Rebekah Entralgo is the managing editor of the IPS Inequality.org website and newsletter. Previously she covered immigration, labor and tax policy as a reporter at ThinkProgress and later led communications and media strategy at Freedom for Immigrants, a national nonprofit working to end immigration detention. She has reported for NPR member stations in her home state for Florida, as well as the NPR headquarters in Washington DC, where she researched presidential conflicts of interest for the NPR Business Desk.

Rebekah holds a Bachelor of Arts in Editing, Writing, and Media from Florida State University, where she was an undergraduate research assistant studying growing activist movements on social media.

Latest

Why We Need a Black Worker Bill of Rights

“From warehouses to board rooms, from the Deep South to Silicon Valley, we face discrimination in hiring, promotions, treatment, and pay.”

Pressure Mounts on Biden to Take Action on Student Loan Debt

Executive action to cancel $50,000 in student loan debt would increase Black wealth by 40 percent.

Workers, Members of Congress Join Forces to Save Senate Cafeteria Jobs

“Ultimately as we build the union movement in this country, what we are fighting for is an economy that works for everybody, not just a handful of billionaires.”

Addressing Racial Inequality in Paid Leave Policy

Among care advocates, equitable paid leave policy needs to meet the triple A standard: Accessible, affordable, and adequate.

Inside the Campaign to Abolish the Subminimum Wage in 25 States by 2026

“This is the only future for the service sector and the economy overall: wages must go up or there will be no future.”

After Amazon Tragedy, Workers Come Together to Demand Safe Working Conditions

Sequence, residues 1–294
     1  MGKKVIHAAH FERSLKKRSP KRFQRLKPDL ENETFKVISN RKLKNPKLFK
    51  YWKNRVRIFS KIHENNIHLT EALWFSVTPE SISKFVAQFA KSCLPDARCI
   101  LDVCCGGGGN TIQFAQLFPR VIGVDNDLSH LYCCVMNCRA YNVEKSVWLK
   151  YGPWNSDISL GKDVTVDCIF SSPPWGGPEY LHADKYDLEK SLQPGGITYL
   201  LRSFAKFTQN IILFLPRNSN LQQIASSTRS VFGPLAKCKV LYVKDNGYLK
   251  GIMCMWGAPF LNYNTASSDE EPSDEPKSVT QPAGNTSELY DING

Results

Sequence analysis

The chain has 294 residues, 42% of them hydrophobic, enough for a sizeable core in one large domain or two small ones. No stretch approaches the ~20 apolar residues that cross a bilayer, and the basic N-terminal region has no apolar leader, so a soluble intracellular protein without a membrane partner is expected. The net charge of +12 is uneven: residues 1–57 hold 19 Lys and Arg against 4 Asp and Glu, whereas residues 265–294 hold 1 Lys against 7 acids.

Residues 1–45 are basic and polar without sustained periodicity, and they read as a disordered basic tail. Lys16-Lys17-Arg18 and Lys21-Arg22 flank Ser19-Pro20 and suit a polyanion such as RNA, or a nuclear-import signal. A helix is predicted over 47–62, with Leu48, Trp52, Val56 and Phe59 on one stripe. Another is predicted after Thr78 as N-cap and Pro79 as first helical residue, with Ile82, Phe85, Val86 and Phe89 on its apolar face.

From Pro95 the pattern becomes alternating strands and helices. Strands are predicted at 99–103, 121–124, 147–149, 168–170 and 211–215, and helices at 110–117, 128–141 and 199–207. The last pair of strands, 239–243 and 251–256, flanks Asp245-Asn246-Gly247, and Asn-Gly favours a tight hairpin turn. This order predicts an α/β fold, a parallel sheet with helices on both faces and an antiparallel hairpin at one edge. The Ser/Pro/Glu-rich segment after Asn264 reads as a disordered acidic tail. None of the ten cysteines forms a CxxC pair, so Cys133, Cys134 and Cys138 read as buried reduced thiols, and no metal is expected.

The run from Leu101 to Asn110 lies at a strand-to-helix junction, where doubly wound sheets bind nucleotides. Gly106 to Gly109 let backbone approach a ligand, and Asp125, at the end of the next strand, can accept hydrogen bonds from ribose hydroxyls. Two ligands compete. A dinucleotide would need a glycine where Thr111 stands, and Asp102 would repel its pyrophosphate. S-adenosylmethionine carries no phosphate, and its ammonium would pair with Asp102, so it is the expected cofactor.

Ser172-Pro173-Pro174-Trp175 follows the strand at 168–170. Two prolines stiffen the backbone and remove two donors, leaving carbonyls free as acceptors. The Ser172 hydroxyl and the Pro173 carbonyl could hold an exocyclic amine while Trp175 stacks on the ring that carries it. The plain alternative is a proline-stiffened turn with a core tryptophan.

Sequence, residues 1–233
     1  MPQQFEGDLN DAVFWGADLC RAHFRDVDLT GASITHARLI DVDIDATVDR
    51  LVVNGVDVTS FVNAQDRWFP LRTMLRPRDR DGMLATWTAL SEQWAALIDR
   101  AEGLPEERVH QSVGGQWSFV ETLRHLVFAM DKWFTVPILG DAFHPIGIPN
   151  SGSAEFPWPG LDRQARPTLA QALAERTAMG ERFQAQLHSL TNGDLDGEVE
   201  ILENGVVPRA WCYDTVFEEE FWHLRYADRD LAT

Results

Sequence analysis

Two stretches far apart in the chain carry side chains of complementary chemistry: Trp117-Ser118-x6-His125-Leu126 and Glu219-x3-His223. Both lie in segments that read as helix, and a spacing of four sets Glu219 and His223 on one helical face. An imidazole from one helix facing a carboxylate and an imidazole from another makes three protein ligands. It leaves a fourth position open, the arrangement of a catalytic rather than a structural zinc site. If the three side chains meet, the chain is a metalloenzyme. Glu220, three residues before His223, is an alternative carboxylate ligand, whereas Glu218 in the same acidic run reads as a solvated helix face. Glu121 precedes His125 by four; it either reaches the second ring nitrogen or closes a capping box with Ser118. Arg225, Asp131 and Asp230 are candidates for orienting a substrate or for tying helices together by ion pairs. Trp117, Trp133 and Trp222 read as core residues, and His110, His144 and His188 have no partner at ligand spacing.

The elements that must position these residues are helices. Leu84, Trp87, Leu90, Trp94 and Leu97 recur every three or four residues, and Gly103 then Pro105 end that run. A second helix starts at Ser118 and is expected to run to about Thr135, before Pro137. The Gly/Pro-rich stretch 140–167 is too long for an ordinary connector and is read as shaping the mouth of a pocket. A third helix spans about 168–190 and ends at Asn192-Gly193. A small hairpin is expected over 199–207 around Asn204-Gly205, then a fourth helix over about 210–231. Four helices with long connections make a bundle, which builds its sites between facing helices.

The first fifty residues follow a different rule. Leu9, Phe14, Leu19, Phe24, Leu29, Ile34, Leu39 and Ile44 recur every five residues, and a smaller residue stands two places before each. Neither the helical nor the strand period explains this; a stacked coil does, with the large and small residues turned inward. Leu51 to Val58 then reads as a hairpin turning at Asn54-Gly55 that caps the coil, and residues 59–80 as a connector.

“Amazon was supposed to keep them safe. They didn’t do that. How does a company worth over $1 trillion let this happen?”

Care Workers Are Not Giving up on Build Back Better

Over 35,000 people joined a recent telephone town hall to kick off a six-week campaign to protect investments in the care economy.

3 villains that made 2021 hard — and 3 heroes that made it better

If you know where to look, there’s also a lot to be hopeful about. Here are a few villains that shaped 2021 for the worse — and a few heroes worth rooting for.

Temporary Relief for Millions of Essential Immigrant Workers Could Be a Reality — Fingers Crossed

Immigrant rights advocates continue to pressure elected officials to make good on their campaign promises for a pathway to citizenship.

NYC Taxi Drivers Took on Predatory Lenders — And Won

This worker-driven organizing victory could pave the way for future debt relief.

Striketober Becomes Strikesgiving as Workers Rediscover the Power of Unions

Better wages and health care may always face headwinds in Washington, but unions are striking to win them directly.

Don’t Cut Care

Aging and disabled Americans — and the workers who care for them — have a huge stake in federal budget negotiations.

Big Pharma Corporate Lobby VS. Everyday Americans

Organizers take to the streets to call on Big Pharma to halt its assault on popular reforms to lower prescription drug prices.

Unemployment Insurance Isn’t Holding Back the Economy. Inequality Is.

Ending enhanced unemployment benefits didn’t get people back to work. It just made them poorer.

The Labor Day Dreams of Black Workers

Leading Black labor organizers and policy advocates share their visions for advancing racial equity in the COVID recovery — and beyond.

Black Labor Leaders and Advocates Reflect on the Pandemic and What Comes Next

We asked nine leading Black labor organizers and policy advocates how to advance racial equity in the COVID recovery — and beyond. Here are their responses.

Advocates Call on Congress to #SealTheDeal for Care, Climate, and Justice

The next few months will be crucial to securing the big, bold policy wins needed to build a more equitable, sustainable country for all.

Two Years After the Largest Workplace Raid in U.S. History, a Path Forward for Undocumented Workers

Democrats just passed a budget framework that could make millions of immigrant workers less vulnerable to exploitation.

The Eviction Crisis is a Race and Gender Wage Gap Issue

Rep. Cori Bush delivered a win for millions of renters, but inequalities that make Black women particularly vulnerable to evictions continue.

Paving a Pathway to Citizenship Also Means Paving a Pathway to Recovery

Immigrants played a key role in keeping families and the economy functioning during the pandemic. Congress must ensure these essential workers share in the benefits of recovery.